Header Ads Widget

Morgan Stanley raising pay hurdle for its financial advisors in 2024

Morgan Stanley

Morgan Stanley raising pay hurdle for its financial advisors in 2024

Morgan Stanley’s 15,000 financial advisors will have to work harder in 2024 and generate more revenue to earn the same amount of take-home pay as they did this year.

Large wirehouses like Morgan Stanley rely on complex, cumbersome pay schemes known as “grids” to determine what percentage a financial advisor keeps of each dollar of revenue he or she generates; wirehouse advisors typically pocket in the neighborhood of 40 cents per dollar of revenue.

But reaching that level will be a little more difficult for Morgan Stanley’s financial advisors starting in January. According to sources familiar with Morgan Stanley’s plans, the firm will raise the incentive compensation grid by 10% next year.

That means that financial advisors who produced revenue near $1 million annually this year will have to increase that by 10%, or generate $1.1 million in fees and commissions, to take home the same percentage of revenue as they did this year. Morgan Stanley has not made changes to its pay grid levels or thresholds since 2020, according to those same sources.

Industry website AdvisorHub.com first reported the news of the pay changes occurring next year at Morgan Stanley. The large firms typically outline those compensation plans in the fall. In the past, Morgan Stanley has tweaked its compensation plan to reduce the payout to low-performing brokers and financial advisors.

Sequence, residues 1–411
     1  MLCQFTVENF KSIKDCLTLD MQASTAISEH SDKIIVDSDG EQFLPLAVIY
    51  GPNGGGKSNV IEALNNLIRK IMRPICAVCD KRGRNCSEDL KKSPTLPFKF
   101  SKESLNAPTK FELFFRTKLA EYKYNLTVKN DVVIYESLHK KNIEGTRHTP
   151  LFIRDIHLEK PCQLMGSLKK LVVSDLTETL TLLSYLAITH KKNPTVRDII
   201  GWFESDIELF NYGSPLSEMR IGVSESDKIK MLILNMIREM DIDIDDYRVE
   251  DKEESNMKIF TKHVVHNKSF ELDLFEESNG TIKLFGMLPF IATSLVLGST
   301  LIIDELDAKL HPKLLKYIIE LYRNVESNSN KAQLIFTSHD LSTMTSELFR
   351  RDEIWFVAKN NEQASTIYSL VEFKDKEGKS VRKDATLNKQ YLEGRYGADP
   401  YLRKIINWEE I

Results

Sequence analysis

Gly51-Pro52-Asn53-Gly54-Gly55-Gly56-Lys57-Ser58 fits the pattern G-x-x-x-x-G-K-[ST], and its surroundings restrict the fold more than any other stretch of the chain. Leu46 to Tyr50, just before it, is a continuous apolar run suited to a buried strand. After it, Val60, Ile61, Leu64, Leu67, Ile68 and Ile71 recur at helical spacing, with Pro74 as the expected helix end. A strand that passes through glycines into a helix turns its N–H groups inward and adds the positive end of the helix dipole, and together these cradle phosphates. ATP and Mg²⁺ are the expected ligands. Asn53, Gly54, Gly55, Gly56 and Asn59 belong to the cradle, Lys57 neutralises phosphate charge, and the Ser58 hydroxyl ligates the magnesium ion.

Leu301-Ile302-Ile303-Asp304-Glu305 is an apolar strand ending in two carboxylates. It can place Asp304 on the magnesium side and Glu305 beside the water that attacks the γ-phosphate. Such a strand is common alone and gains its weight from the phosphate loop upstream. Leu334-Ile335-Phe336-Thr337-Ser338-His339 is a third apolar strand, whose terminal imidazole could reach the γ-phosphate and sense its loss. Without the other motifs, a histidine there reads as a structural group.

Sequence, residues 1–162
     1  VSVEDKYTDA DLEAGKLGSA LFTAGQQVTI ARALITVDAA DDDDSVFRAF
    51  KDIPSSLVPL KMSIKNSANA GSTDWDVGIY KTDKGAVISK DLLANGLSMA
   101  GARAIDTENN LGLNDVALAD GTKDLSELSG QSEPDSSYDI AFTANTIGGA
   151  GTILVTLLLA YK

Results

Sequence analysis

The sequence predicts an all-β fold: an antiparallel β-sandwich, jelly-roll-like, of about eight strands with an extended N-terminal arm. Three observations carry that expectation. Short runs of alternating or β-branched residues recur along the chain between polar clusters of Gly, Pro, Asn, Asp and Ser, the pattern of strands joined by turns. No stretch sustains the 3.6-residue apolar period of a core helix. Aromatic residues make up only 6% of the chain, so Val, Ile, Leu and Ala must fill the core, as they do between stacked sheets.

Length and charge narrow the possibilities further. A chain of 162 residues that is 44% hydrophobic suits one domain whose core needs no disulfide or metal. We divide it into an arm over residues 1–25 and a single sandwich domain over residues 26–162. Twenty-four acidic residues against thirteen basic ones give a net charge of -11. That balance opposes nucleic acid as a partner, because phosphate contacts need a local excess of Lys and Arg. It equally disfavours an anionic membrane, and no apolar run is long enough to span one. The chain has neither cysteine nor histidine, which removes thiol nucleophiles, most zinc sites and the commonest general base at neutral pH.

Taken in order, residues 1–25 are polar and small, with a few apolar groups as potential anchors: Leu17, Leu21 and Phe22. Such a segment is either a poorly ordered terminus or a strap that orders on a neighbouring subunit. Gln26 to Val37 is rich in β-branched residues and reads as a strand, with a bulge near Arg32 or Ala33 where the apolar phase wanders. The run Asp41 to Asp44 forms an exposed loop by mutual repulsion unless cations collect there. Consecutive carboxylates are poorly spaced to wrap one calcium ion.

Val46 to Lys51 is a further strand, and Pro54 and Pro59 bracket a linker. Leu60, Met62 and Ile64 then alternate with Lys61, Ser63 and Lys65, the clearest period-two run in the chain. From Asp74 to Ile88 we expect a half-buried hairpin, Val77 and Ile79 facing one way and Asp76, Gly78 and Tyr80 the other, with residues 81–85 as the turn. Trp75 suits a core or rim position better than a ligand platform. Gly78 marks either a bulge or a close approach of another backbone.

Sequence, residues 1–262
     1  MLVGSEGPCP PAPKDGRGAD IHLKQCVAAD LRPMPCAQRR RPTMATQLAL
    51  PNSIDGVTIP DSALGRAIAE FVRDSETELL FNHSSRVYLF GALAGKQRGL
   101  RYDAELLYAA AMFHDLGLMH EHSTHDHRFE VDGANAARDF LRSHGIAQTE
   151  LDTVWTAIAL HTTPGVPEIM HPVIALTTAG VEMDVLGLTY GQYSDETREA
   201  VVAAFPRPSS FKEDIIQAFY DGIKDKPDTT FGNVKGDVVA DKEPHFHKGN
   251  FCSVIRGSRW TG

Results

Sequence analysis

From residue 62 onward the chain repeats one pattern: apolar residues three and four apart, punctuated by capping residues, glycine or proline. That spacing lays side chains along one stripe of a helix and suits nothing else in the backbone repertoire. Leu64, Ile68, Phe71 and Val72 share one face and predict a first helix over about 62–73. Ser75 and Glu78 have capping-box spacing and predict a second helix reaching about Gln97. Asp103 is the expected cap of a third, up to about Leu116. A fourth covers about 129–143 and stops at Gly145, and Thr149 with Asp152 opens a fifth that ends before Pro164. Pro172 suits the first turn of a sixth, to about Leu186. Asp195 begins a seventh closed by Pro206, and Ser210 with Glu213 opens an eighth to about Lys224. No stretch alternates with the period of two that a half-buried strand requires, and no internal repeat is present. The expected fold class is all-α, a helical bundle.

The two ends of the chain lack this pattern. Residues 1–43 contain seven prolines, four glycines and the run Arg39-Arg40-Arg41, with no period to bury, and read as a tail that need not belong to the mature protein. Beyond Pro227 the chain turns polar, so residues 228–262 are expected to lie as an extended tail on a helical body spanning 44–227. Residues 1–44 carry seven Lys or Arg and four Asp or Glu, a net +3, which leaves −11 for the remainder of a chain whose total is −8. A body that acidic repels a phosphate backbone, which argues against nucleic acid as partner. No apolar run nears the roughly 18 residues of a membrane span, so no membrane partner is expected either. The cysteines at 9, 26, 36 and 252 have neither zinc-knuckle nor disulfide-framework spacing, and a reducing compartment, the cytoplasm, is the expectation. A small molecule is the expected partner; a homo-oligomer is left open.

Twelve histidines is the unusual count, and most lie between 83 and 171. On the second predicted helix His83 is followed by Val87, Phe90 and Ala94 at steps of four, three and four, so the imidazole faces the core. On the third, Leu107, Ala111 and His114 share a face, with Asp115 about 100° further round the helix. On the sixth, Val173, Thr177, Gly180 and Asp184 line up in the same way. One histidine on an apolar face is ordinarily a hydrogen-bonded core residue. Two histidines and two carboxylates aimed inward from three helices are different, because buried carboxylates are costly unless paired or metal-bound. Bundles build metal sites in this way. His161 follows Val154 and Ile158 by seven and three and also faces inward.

To soften the blow, Morgan Stanley is increasing business plan development allowances, a way for advisors to invest in their practices, by 10%.

“What this means is if a financial advisor’s production next year stays flat, then the payout will go down,” said Danny Sarch, an industry recruiter.

The increased pay plan thresholds were made, in part, “to acknowledge business growth, our continued investment in the business, and market considerations,” according to sources familiar with the plan.

“I think it’s embarrassing for firms to sugarcoat this stuff,” Sarch added. “It’s a tug of war. The firms want to keep more revenue, and the financial advisors want to do the same. Morgan Stanley is highly focused on profitability, and the last frontier to touch is advisor compensation.”

In the past, Morgan Stanley’s CEO and chair James Gorman has made changes in financial advisors’ compensation that some clearly did not like, including a compensation plan that deferred from 6% to 11% of a financial advisor’s compensation up to eight years.

Many have bridled at the changes Gorman made to the wealth management business; from 2010 to the end of last year, the bank saw a net loss of 3,865 financial advisors who left Morgan Stanley for other firms. 

“We are announcing the details of the plan early this year to ensure you are equipped with the information, tools and resources necessary to deliver the best value to your clients as you prepare your business for 2024,” Vince Lumia, head of field management at Morgan Stanley, said in a company memo. “The enhancements to the plan are designed to focus on driving growth and deepening client relationships by leveraging the unmatched resources of the Firm to help you maximize the full potential of your practice.”

Morgan Stanley is also eliminating payouts to financial advisors who do business with households that have less than $250,000 in assets, unless those clients meet certain growth exemptions. For decades, large Wall Street firms have been pressuring financial advisors to stop doing business with the less wealthy and focus on the richest clients, who are more profitable.

High-yielding, ESG-friendly water stocks offer more than just liquidity


댓글 쓰기

0 댓글